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Lindley Estes is a business writer for The Free Lance-Star and This blog is on Fredericksburg-area business. Send an e-mail to Lindley Estes.

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Buffett role similar to one Morgan once played?

The U.S. stock market had been cut in half by over-expansion and speculation, the economy was in recession, credit was tight, and the Treasury Department was pumping money into the financial system to avert disaster.

Sound familiar?

The year was 1907.

In most historical accounts of the Panic of 1907, financier J.P. Morgan is given credit for staving off disaster by gathering leading bankers and financial experts at his home.

The group provided capital that kept banks afloat, obtained lines of credit and purchased the stock of healthy companies. The panic passed within a few weeks, and Morgan was hailed as a savior. The panic led to the formation of the Federal Reserve.

Fast-forward a century, and the bank that still bears Morgan’s name is one of the largest in the world. Last year, J.P. Morgan Chase & Co. was part of a group of large banks that attempted to organize a "superfund" to buy distressed assets, thereby stabilizing the financial system. The plan ultimately failed.

This past week, another potential solution emerged. Just as it did a century ago, it came from a man in his 70s whose long history of business success made him one of the country’s wealthiest men.

Warren Buffett appeared on CNBC on Tuesday to describe an offer his company, Berkshire Hathaway, had made to the nation’s three largest municipal bond insurers: MBIA Inc., Ambac Financial Group Inc. and Financial Guaranty Insurance Co. The stock market jumped Tuesday after Buffett’s interview.

To greatly simplify the matter, a subsidiary of Berkshire Hathaway agreed to provide reinsurance to the three companies’ $800 billion municipal bond portfolio for a hefty premium.

Municipalities sell bonds to pay for projects such as sewer systems and schools. Backed by the Triple-A ratings of the bond insurers, the municipalities are able to pay lower interest rates to investors.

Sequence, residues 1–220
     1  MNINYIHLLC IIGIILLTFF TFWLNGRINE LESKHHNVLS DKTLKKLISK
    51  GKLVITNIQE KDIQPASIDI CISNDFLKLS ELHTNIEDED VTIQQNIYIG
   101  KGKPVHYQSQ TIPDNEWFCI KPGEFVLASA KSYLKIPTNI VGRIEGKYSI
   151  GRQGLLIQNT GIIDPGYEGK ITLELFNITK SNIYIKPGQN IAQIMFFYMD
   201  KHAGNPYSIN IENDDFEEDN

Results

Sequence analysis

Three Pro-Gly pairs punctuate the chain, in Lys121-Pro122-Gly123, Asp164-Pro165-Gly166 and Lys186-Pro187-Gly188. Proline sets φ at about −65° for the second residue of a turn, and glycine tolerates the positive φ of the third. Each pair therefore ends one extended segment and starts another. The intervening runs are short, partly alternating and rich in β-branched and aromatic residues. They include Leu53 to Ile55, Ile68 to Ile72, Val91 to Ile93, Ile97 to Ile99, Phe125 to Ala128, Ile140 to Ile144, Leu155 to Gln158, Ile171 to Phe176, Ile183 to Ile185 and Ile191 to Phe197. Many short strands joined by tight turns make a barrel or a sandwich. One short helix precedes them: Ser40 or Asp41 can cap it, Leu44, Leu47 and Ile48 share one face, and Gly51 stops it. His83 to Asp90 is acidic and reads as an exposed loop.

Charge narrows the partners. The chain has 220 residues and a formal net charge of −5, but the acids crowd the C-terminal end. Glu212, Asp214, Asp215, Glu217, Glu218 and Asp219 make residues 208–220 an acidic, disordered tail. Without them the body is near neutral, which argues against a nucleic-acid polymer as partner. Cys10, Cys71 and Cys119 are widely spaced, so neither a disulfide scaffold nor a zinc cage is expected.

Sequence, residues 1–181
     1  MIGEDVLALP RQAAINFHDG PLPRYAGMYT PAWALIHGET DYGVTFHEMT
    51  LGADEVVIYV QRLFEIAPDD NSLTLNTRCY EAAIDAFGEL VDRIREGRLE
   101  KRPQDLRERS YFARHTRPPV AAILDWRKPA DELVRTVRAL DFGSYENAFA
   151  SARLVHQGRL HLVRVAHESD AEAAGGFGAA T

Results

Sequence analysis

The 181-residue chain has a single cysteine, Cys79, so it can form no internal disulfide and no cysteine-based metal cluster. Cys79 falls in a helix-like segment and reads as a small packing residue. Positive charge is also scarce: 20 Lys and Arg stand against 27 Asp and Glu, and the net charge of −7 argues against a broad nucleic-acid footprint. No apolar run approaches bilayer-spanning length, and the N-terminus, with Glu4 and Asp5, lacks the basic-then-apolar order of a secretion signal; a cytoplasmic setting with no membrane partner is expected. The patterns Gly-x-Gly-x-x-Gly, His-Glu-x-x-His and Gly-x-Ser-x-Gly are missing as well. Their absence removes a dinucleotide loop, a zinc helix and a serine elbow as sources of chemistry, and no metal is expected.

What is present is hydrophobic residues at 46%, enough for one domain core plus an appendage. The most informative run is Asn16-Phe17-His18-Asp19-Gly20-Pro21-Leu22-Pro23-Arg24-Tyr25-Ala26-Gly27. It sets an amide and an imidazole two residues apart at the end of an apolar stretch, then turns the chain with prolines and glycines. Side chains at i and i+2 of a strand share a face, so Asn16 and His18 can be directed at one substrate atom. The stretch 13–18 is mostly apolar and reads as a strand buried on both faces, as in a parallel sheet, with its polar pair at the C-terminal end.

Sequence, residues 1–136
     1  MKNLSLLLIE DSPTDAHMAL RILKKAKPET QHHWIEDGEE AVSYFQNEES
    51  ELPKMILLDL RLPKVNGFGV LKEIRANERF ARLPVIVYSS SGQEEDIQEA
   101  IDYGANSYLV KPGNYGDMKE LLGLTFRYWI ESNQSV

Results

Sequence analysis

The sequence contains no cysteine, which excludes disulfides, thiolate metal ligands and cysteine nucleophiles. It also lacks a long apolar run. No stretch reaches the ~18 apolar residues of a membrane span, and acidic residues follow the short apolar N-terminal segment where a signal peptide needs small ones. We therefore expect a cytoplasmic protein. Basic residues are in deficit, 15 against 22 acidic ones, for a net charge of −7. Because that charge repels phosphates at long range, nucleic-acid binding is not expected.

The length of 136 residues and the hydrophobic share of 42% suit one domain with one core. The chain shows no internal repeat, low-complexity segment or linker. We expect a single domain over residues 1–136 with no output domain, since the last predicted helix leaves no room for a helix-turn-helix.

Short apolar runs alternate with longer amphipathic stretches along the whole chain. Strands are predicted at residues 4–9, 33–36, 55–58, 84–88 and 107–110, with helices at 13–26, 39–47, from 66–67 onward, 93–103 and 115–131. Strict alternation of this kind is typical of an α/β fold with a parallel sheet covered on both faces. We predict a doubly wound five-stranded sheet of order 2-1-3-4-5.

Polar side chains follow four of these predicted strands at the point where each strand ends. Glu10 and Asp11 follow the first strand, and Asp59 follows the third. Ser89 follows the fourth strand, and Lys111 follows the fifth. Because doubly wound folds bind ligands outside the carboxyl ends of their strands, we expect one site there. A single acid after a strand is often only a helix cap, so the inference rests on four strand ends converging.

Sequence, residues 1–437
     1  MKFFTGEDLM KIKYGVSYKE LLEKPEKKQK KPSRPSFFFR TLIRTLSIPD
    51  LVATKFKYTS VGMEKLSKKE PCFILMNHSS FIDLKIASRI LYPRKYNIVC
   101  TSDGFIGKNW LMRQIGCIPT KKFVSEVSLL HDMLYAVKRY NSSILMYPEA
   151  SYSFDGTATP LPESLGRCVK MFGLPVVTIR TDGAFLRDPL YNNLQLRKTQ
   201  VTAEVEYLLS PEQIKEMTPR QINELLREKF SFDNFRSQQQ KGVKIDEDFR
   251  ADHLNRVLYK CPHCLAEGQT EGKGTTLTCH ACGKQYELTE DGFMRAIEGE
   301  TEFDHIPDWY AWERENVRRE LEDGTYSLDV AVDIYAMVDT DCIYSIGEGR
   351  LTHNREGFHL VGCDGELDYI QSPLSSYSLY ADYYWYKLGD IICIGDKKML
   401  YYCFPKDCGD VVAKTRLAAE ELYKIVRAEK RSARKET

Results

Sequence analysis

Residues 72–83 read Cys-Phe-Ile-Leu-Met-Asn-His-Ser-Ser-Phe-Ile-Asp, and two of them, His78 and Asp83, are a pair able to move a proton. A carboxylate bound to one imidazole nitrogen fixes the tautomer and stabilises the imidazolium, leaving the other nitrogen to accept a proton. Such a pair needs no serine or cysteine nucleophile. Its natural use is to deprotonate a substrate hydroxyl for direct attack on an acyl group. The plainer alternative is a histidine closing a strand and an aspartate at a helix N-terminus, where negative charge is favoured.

In recent years, bond insurers strayed from the safe world of municipal bonds to the murkier waters of complex asset-backed securities. Losses on these products have threatened the insurers’ Triple-A ratings. Should they lose them, municipalities could have to pay higher interest rates on their bonds, which in turn could drive up taxes.

Berkshire Hathaway, whose cash horde recently surpassed $40 billion, is at no such risk of losing its Triple-A credit rating. Buffett said on CNBC that his company’s offer, if accepted, would restore stability to the municipal bond market.

Ambac and another of the bond insurers have rejected Buffett’s offer. Municipal bonds rarely default, so the three insurers would be giving away the safest parts of their shaky portfolios.

So is Buffett, 77, a latter-day white knight riding in amid the financial wreckage, as Morgan did 100 years ago?

There are similarities between the men in terms of financial resources, age, experience, business reputation and the potential for profit, said Robert F. Bruner, dean of the University of Virginia’s Darden School of Business and co-author of "The Panic of 1907."

But Bruner also noted some differences between the two situations.

He said Morgan’s efforts were more collective, as occurred last year with the banks’ proposed superfund, while Buffett seems to be acting more on his own to benefit the shareholders of Berkshire Hathaway. Bruner added that it’s possible that Buffett is pulling people together behind the scenes.

It remains to be seen how the current situation works out, and whether Buffett will play as dramatic a role as Morgan did 100 years ago. Bruner pointed out that Berkshire’s pile of cash, while enormous, is nowhere near enough to bail out the entire financial system.

If nothing else, the comparison is interesting. And investors can perhaps take comfort that the country has been here before, and weathered the storm.